First of all, we have to become aware that we have an addiction and that it is having negative effects on our life. Andrew did not feel real when he drank, Daniel recognizes he is driving his girlfriend away with his desperate clinging, and Oscar is missing a deep intimacy in his life. All three have recognized that they have a troublesome addiction.
Secondly, we have to feel strongly motivated to stop because we realize that the cost of the addiction has become too great. Perhaps the cost is our health, relationships, self-esteem or creativity. We have to reach a point when the desire for growth is greater than the need for instant gratification; when we have found the ability to contain the anxiety and feelings of emptiness and helplessness that is covered by the addictive behavior.
Our addictions are compelling. They are more than just a habit that we can get rid of with discipline and determination. Most of the time, someone who tries to recover from an addiction without doing the deep inner work of exploring fears and shame will not succeed. It doesn’t last because as soon as life circumstances aggravate the anxiety inside, we tend to return to our addictive behavior.
Matthew has had a problem with alcohol binging for a long time. He does not drink regularly but whenever his life becomes too stressful, he spends days drinking excessively. He has been to rehab three times and each time, he was convinced that his problem was solved. When the programs were over, he was strongly encouraged to continue with a twelve step program and go to regular meetings. But he refused fully convinced that he did not have a disease or the need for support to stay sober. As soon as his work stress became overwhelming, he went back to binge drinking.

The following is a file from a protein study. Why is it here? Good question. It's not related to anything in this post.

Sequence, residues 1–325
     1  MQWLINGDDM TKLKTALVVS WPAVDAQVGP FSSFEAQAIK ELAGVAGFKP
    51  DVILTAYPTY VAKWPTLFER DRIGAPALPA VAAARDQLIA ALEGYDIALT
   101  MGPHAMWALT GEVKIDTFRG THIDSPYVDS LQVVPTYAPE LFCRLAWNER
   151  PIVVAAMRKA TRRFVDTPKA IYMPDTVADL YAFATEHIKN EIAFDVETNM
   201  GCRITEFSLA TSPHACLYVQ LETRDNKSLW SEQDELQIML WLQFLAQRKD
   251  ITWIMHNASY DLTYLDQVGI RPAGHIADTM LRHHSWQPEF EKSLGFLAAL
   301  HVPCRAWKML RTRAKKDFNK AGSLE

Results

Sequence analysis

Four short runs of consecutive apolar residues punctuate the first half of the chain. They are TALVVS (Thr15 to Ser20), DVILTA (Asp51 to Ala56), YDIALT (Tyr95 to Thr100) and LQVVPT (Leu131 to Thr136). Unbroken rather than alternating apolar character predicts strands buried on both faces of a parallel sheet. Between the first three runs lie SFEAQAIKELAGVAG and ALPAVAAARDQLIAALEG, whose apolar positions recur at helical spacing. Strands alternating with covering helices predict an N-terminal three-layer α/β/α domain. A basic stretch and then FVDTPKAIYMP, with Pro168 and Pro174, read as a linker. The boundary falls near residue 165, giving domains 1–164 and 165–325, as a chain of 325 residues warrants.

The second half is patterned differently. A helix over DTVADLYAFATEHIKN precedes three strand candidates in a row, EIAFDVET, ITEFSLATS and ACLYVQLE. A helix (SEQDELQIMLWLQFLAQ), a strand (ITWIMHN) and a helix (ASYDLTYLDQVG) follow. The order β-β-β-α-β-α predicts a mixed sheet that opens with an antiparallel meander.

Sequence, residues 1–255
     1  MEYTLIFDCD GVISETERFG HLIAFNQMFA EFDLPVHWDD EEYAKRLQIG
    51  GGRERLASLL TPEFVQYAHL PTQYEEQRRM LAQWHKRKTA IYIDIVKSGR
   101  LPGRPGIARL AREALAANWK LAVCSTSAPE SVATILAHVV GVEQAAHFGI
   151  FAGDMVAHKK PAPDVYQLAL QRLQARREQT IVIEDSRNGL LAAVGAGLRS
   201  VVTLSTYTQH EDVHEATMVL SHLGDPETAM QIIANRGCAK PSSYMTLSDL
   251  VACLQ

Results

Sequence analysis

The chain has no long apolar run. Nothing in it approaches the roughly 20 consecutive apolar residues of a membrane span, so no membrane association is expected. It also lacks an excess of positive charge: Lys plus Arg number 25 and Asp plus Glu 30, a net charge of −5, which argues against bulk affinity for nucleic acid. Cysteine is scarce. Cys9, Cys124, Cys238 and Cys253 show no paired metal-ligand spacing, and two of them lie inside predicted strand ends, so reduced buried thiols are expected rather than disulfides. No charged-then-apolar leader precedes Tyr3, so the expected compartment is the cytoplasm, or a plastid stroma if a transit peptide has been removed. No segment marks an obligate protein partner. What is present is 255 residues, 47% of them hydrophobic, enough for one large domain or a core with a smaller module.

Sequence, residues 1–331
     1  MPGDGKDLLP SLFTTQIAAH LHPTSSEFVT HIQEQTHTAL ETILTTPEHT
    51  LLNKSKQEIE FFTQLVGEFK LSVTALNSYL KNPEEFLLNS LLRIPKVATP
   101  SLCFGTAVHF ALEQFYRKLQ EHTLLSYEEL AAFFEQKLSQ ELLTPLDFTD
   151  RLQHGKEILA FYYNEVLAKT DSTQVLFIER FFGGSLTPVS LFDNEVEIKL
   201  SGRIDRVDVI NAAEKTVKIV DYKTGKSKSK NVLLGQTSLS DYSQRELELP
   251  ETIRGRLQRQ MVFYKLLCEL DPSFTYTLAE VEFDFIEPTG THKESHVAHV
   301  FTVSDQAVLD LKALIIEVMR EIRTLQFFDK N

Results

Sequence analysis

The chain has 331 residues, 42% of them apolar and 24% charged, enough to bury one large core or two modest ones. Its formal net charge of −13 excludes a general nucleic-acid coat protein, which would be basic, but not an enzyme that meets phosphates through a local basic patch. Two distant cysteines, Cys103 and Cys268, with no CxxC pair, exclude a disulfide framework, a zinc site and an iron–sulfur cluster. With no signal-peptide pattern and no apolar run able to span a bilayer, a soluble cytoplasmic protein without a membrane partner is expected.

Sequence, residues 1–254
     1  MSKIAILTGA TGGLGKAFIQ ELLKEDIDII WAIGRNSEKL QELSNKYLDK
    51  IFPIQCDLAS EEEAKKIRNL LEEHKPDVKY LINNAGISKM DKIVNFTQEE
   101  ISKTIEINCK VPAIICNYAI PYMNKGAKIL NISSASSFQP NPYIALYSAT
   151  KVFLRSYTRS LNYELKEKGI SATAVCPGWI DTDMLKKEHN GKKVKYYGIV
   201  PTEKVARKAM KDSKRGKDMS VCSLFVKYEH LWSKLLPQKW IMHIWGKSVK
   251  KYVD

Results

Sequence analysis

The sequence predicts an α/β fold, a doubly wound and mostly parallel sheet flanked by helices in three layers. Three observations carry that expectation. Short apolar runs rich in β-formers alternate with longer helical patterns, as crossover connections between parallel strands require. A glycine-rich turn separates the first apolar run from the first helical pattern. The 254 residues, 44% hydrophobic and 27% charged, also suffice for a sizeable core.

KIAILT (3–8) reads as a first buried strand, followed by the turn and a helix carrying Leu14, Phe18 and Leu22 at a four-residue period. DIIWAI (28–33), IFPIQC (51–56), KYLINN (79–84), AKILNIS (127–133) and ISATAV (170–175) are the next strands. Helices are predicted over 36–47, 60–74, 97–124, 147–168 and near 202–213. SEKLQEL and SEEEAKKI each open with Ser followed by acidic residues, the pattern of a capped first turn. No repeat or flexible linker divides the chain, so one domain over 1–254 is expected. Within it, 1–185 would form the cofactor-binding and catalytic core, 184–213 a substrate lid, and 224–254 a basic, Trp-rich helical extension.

The third criterion for stopping an addiction, is reaching out for reliable support. Depending on what we are dealing with it can be a close friend but most of the time, it needs to be someone who has been through the process successfully and knows intimately what it means to quit. We need someone we can call anytime the pressure becomes too great, someone who is available and who can talk us through the anxiety and the compulsion to return to our addiction. In most cases, it needs to be a sponsor, someone who is connected to the twelve-step program. There are good alternatives to the twelve-step program, but most often, we need structure and there are no alternatives to the need for guidance, inspiration and reliable and dependable support.
Finally, in our experience, we also need to commit to exploring the roots of why we have escaped into our addiction. It is important to find a therapist who is trained to compassionately guide us through our fears and feelings of emptiness. This means not only understanding where our fears come from but also learning how to build a container to hold the fears when they arise.
Recovering from an addiction is a challenge. But when we recognize it, see how it is impacting our happiness, feel the motivation to become the person we are meant to be, and reach out for help, we can overcome it.